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Bosch North America

Bosch Predicts Vehicle Safety is the Next Frontier for Automotive Electronics

Forcier discusses advancing vehicle safety through electronic innovation and collaboration at the 2008 SAE World Congress
Farmington Hills, Mich. – According to the National Highway Traffic Safety Administration (NHTSA), vehicle-related fatalities have remained constant for nearly a decade at approximately 40,000 deaths per year. Advancements in vehicle safety, designed to help reduce that alarming statistic, hinge on the research and development of advanced electronic technologies.

“Our premise is simple – vehicle safety is the next frontier for automotive electronics,” said Jason Forcier, president North America, automotive electronics, Robert Bosch LLC. “Active safety technologies like forward collision warning, predictive braking and lane departure warning are helping to improve a driver’s safety by completely avoiding or decreasing the severity of crashes.”

Bosch’s automotive electronics division continues its commitment to raising the bar on vehicle safety through linking various safety innovations. The company’s Vehicle Motion & Safety (VMS) is one example of this effort. VMS creates a network including all systems and components relevant to vehicle motion, which often are already available in the vehicle. The resulting functions will have the ability to inform, alert and support the driver as the situation requires, or even to intervene independently in emergencies. This will further optimize driving safety, comfort and agility.

“In addition to innovation, collaboration is essential for advancing safety,” said Forcier. “The industry – automakers and suppliers – legislators, regulators and consumer advocacy groups must work in unison to achieve technology neutral legislation and a common understanding among consumers of the benefits of these safety technologies.”

On Tuesday, April 15, Forcier participated on an “Electronics: Expectations and Opportunities” panel at the 2008 SAE World Congress where he discussed this topic as well as industry expectations of advanced electronics.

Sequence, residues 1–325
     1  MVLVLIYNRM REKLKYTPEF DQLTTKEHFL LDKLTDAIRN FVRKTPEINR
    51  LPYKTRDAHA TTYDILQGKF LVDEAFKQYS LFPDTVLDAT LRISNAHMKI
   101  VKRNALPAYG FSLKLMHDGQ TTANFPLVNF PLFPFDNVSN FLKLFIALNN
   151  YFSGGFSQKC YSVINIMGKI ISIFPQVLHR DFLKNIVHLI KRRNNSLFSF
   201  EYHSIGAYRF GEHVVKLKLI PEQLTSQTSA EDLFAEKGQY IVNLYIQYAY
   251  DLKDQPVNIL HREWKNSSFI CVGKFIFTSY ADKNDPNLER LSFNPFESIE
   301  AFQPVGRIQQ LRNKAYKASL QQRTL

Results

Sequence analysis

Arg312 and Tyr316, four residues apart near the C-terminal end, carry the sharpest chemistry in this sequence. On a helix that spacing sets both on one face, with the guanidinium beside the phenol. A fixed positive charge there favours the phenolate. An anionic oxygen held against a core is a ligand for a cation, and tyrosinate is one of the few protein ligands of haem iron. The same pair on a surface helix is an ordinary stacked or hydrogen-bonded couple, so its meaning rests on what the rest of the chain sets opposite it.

In addition to Forcier’s discussion at the 2008 SAE World Congress, Bosch hosted "AUTOSAR at Bosch," on Monday, April 14, at the Marriott Detroit Renaissance Center hotel, discussing how the Automotive Open System Architecture (AUTOSAR) will be introduced in Bosch products. Also, the company presented 13 technical papers and for the fourth year in a row, will serve as the SAE World Congress Banquet Afterglow sponsor on Thursday, April 17, at Seldom Blues in Detroit.

The Bosch Group is a leading global supplier of technology and services. In the areas of automotive and industrial technology, consumer goods, and building technology, some 272,000 associates generated sales of 46.1 billion euros ($63.2 billion) in fiscal 2007. The Bosch Group comprises Robert Bosch GmbH and its roughly 300 subsidiary and regional companies in over 50 countries. This worldwide development, manufacturing, and sales network is the foundation for further growth. Bosch spends more than three billion euros each year for research and development, and in 2006 applied for over 3,000 patents worldwide. The company was set up in Stuttgart in 1886 by Robert Bosch (1861-1942) as "Workshop for Precision Mechanics and Electrical Engineering."

In North America, the Bosch Group manufactures and markets automotive original equipment and aftermarket products, industrial automation and mobile products, power tools and accessories, security technology, thermo-technology, packaging equipment and household appliances. For more information on the company, visit www.bosch.us.


Bosch SAE World Congress - April 2008

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